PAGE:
An epidemic ofÂ Zika virus infectionÂ began in Brazil in April 2015, and six months laterÂ there was a surge in the number of infants born with microcephaly. Confirming that Zika virus causes microcephaly will require much more information than is currently available. So far there have been few isolations of Zika virus RNAÂ from microcephalic fetuses orÂ amniotic fluid.
AÂ single case reportÂ revealed the entire Zika virus genome in fetal brain tissue from a 25 year old who developed fever, muscle and eye pain, and rash during the 13th week of gestation inÂ Natal, Brazil. The fetus was aborted at 28 weeks of gestation when fetal abnormalities, including microcephaly, were detected. Virus particles 42 to 54 nm in diameterÂ were detected in the brain by electron microscopy.
It is probablyÂ not normal to have Zika virusÂ in the fetal brain. However, its presence there might be a consequence of microcephaly, not a cause. As Dr. Steven Seligman writes at ProMedMail, “It is possible that brain tissue in cases of microcephaly become susceptible to Zika virus infection by a mechanism such as diminution of he blood-brain barrier.”
The entire Zika virus genome has also been detected in amniotic fluid, which surrounds the developing fetus. Two pregnant women from the state of ParaÃba in Brazil reported clinical symptoms early in pregnancy consistent with Zika virus infection (fever, myalgia, rash). Microcephaly was diagnosed at 21 weeks gestation by ultrasound, and 7 weeks later samples of amniotic fluid were obtained by amniocentesis.
Amniotic fluid was centrifuged to purify virus particles, and RNA was extracted, copied into DNA by reverse transcriptase, amplified by polymerase chain reaction and subjected to deep sequencing.
The complete Zika virus genome sequence was obtained from one sample, and two smaller genome fragments from the second. Sequence analyses revealed 97-100% similarity with Zika viruses isolated from French Polynesia in 2013.
IgM antibodies to Zika virus were detected in both amniotic fluid samples, indicating that the fetus was likely infected and mounting an immune response against the virus (this antibody does not cross the placenta). In contrast, serum and urine from both mothers was negative for Zika virus IgM. This antibody appears first during infection, then subsides as levels of IgG antibody rise. It is possible that the mothers were infected with Zika virus early in pregnancy and cleared the infection, but the virus entered the fetus where it persisted.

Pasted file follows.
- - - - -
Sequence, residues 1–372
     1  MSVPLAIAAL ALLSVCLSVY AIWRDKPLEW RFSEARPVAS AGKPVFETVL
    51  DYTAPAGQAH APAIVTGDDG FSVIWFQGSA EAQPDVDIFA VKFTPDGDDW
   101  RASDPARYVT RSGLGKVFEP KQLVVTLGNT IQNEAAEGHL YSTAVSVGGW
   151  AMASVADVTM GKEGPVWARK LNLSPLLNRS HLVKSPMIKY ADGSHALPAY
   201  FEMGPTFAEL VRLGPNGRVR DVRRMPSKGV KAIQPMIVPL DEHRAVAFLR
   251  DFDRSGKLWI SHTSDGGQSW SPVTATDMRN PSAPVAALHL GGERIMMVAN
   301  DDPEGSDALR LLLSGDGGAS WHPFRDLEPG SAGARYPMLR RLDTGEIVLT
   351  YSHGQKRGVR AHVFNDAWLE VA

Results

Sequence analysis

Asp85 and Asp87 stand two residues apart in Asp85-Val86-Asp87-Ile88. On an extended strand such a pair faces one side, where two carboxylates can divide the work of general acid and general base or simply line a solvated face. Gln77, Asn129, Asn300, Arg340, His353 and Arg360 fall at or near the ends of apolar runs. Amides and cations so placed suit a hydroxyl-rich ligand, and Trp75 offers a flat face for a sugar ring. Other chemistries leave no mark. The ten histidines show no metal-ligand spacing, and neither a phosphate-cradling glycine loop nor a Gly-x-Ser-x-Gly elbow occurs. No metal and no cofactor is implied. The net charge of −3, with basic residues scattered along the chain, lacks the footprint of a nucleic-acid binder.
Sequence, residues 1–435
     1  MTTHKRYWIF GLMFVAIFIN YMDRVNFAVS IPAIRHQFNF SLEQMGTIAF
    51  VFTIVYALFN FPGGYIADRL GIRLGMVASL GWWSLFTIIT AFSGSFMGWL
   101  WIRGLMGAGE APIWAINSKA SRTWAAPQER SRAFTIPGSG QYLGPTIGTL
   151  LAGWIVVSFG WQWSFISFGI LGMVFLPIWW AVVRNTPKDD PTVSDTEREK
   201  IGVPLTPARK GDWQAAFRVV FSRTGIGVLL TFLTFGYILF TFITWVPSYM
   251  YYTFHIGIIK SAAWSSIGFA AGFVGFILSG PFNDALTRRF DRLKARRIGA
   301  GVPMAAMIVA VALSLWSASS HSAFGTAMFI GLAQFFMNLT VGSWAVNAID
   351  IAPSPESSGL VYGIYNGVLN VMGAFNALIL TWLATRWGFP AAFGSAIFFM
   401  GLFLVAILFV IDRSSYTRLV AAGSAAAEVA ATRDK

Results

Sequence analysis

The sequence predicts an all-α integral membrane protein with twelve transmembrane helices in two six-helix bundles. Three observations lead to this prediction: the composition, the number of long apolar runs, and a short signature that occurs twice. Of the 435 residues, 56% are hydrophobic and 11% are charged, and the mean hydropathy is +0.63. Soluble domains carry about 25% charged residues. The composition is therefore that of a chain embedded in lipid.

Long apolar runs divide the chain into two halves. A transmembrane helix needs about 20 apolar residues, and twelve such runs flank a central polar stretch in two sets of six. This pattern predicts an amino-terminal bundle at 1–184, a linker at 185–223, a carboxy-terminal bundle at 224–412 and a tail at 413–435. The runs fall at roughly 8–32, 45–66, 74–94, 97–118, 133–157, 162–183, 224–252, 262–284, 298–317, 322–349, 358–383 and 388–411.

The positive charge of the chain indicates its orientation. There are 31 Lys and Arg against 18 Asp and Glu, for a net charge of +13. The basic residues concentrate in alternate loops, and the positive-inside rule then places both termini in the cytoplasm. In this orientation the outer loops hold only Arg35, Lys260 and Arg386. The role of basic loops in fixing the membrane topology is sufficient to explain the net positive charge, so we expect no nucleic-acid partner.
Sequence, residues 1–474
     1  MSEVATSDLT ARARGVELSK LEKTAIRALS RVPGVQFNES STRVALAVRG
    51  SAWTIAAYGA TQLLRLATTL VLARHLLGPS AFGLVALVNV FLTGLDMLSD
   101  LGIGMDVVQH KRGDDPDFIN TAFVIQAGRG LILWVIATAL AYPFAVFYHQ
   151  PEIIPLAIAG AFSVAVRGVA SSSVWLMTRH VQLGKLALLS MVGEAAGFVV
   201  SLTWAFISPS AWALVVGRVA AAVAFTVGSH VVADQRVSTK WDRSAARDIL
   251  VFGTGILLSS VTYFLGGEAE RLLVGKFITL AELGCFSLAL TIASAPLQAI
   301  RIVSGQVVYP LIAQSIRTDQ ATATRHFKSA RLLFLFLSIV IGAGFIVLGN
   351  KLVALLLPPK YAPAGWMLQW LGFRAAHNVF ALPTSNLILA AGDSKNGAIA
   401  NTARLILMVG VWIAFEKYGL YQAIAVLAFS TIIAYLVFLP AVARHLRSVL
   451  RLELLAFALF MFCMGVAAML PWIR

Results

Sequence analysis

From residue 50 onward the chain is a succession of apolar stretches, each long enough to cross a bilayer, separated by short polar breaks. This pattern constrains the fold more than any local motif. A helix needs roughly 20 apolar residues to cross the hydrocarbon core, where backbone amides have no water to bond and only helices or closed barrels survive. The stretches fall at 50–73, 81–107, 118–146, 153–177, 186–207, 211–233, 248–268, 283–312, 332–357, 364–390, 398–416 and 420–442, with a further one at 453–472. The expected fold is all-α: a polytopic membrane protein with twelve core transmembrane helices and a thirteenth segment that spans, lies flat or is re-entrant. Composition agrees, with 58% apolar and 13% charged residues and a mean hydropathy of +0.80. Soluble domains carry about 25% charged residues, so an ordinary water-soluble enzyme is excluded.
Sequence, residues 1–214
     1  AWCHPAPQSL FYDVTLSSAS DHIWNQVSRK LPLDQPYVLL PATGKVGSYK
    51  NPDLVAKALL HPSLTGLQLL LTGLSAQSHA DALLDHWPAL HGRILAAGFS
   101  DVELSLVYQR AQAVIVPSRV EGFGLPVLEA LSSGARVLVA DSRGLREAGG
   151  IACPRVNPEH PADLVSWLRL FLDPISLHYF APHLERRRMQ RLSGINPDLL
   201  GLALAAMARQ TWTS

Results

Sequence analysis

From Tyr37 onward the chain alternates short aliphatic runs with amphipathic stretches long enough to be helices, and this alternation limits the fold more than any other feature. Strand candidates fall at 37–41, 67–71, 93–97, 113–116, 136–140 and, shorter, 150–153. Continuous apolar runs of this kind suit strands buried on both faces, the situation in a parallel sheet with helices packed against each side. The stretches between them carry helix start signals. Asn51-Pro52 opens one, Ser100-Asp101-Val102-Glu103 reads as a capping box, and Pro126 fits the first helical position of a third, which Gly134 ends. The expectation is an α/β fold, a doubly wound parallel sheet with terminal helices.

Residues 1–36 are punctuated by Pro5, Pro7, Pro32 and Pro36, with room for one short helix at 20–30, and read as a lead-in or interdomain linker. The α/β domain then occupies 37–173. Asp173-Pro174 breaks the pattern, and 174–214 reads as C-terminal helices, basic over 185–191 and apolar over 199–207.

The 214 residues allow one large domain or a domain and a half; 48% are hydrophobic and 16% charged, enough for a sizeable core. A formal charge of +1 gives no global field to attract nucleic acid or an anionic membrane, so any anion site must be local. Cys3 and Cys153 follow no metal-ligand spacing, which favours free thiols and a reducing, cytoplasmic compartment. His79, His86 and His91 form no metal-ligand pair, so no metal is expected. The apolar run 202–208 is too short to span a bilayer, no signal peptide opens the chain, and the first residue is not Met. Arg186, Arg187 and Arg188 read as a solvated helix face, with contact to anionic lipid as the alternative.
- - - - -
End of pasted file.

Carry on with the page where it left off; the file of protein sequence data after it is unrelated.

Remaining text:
Even if Zika virus does cause birth defects, a vaccineÂ will likely not be available for another two years. In the meantime it would be highly advisable to practice mosquito avoidance and control.
Update 2/24/16: I asked Carolyn Coyne how a virus might reach the amniotic fluid. Her reply:
Amniotic fluid is mainly urine from the baby (after month 4ish) so if the virus is being shed in the urine, that is one way. Cells from the baby are also shed into the fluid (these are usually skin cells, but I imagine could also be from the mouth as the baby is usually drinking amniotic fluid at later stages of gestation). I will note that this is usually in a normal pregnancy and I imagine is the fetus were dying/dead (a fetus can die in utero and not be miscarried for a shockingly long time sometimes), the virus might easily enter the amniotic fluid as the fetus begins to decompose (which also happens in utero).
The two routes of entry are hematogenous or ascending. In hematogenous infections, virus present in the maternal blood would have to cross the placenta across the villous trees. In an ascending infection, the virus would be introduced into the vagina, then would have to bypass the cervix and still have to cross the placenta to access the fetus. Usually ascending infections are associated with bacteria (from UTIs mainly, but can be other). In either case, the placenta is there and would have to be crossed.
Update 2/25/16: A report in PLoS Neglected Tropical Diseases describes finding Zika virus RNA by RT-PCR in neuronal tissues but not inÂ heart, lung, liver or placenta,Â in a stillborn infant with microcephaly and hydrops fetalis. TheÂ 20 year old woman from Salvador, Brazil denied having any symptoms consistent with Zika virus infection, but only one in five infections are symptomatic. As in the case described above, we do not know if Zika virus caused the fetal defects, or if virus was able to invade the fetus as a consequence of severe developmental damage.